Matt Rusconi, who recently added a hot new tech franchise to his two restaurant brands, has a refreshing attitude toward work: he loves it.
“There’s something rewarding about being productive,” he says. “It’s challenging and never-ending, but it’s important to do it while you have the energy so that, like an aging athlete, you can be in the game longer.”
Rusconi, who owns three Mooyah Burgers, Fries & Shakes and will have 14 Moe’s Southwest Grills by year-end, was interested in pursuing a new venture when he came across Experimac, a concept focused on Apple product repairs and upgrades, pre-owned sales, and trade-ins. (Experimac is one of United Franchise Group’s eight brands.)
“Experimac opened my eyes to a whole different world,” says Rusconi, 39, who, with his partner, has built 20 restaurants in Connecticut and New Jersey in 9 years. They opened their first Moe’s in 2008 and their first Mooyah in 2012.
“I know that people appreciate value and want to know they’re dealing with a trustworthy business. Experimac lends itself to both of those. Online, there are hundreds of ways to get computers—eBay, Amazon, Craig’s List,” he says. “You’ve got to know what’s going on. If you become part of a community and people know they’re not going to get scammed, there’s something there. We’re trying to get ahead of that idea and see where it goes.”
Whether it’s burritos, burgers, or iPhones, Rusconi says he operates his diverse brands with the same business philosophy. “I see myself as a facilitator, a coach, a mentor. I want to give people the opportunity to do their jobs. I don’t micro-manage but I want to be there to work with them, side by side. For example, today we’re moving restaurant equipment, so I’m out there lugging stuff out. They could do it without me, but I’m there to help because I want them to know there is no position that is below anyone. Yesterday we had a big sponsorship with UConn women’s basketball, which had just won 100 straight games, and we offered $5 Burrito Day at Moe’s. I worked in a store for three hours.”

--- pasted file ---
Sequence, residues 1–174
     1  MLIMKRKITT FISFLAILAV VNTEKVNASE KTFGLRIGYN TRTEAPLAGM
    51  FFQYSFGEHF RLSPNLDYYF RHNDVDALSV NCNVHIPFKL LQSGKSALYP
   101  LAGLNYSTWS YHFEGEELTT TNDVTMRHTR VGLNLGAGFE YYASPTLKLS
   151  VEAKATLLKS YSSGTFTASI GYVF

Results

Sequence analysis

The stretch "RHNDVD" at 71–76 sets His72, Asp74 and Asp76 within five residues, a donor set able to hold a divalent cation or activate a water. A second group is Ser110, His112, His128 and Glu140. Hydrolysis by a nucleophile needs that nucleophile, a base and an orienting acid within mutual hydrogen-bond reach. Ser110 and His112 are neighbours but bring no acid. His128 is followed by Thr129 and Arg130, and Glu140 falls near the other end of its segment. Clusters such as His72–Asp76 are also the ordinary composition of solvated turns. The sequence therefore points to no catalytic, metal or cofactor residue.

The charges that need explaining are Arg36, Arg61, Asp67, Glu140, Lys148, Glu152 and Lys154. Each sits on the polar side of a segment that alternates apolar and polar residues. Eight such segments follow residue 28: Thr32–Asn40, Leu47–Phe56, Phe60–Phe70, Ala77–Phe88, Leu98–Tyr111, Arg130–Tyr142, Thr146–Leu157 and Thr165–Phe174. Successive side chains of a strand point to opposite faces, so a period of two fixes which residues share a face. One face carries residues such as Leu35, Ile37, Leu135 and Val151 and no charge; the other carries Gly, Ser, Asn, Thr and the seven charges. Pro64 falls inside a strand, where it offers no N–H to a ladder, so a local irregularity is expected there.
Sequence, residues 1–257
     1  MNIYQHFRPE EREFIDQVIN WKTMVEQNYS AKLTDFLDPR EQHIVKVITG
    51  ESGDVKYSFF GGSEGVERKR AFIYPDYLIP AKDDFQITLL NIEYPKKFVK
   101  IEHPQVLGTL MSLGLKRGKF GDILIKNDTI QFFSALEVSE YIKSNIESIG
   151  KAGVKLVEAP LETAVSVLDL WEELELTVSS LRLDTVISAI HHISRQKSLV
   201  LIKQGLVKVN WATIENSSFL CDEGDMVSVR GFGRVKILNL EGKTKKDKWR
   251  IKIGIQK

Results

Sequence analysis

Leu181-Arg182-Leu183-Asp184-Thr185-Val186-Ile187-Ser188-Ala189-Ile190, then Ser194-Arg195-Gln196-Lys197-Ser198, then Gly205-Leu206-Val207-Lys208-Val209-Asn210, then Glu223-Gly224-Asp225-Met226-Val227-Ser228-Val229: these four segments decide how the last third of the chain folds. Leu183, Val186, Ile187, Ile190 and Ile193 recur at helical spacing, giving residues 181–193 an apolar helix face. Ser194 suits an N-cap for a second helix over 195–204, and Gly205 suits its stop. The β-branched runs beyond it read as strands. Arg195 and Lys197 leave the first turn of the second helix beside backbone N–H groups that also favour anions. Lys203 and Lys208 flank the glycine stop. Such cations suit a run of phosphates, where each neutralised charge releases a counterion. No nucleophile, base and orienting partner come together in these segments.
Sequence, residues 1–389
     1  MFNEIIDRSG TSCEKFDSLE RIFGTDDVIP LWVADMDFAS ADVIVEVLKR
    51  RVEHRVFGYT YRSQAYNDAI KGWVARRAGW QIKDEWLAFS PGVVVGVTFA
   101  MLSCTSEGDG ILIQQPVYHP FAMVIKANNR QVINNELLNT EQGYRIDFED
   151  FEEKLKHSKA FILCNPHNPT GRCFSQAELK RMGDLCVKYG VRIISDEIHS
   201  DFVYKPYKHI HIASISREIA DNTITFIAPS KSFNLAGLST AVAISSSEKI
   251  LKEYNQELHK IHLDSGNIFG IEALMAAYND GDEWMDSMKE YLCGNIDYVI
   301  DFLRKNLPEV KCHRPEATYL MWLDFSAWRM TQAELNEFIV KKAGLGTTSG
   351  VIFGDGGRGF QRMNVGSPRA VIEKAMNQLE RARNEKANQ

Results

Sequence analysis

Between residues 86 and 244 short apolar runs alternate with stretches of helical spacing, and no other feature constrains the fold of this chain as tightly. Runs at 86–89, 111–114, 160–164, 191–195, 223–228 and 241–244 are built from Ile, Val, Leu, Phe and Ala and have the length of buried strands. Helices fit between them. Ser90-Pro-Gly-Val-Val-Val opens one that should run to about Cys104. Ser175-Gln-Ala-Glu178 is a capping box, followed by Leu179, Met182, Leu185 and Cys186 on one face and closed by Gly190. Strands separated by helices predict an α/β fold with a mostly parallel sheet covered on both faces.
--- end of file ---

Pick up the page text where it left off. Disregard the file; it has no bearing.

It’s been a challenge to learn when to “put the spatula down,” as Rusconi puts it. “I like to know I’ve done what they do and I hope they’re doing it better than I am, but I can’t be in 80 places at once. I’ve learned to manage on a higher level.”
Part of that higher level is ensuring that his companies are part of the local community. All his businesses are involved in charitable work and supporting local sports programs. “Giving back is about more than business. It’s about contributing to the families and institutions that make up the communities in which we operate,” say the Connecticut native.
When he was an NYU communications and marketing student, Rusconi served as an intern at Martin Scorcese’s production company before returning home to be near family, study for his MBA, and raise his own family. Looking ahead, he sees himself someday acting as an investor and mentor to young, talented entrepreneurs. One lesson he’ll teach them, no matter what their interests:
“Do the right thing before legislation says you have to. You’ll be better off in the end.”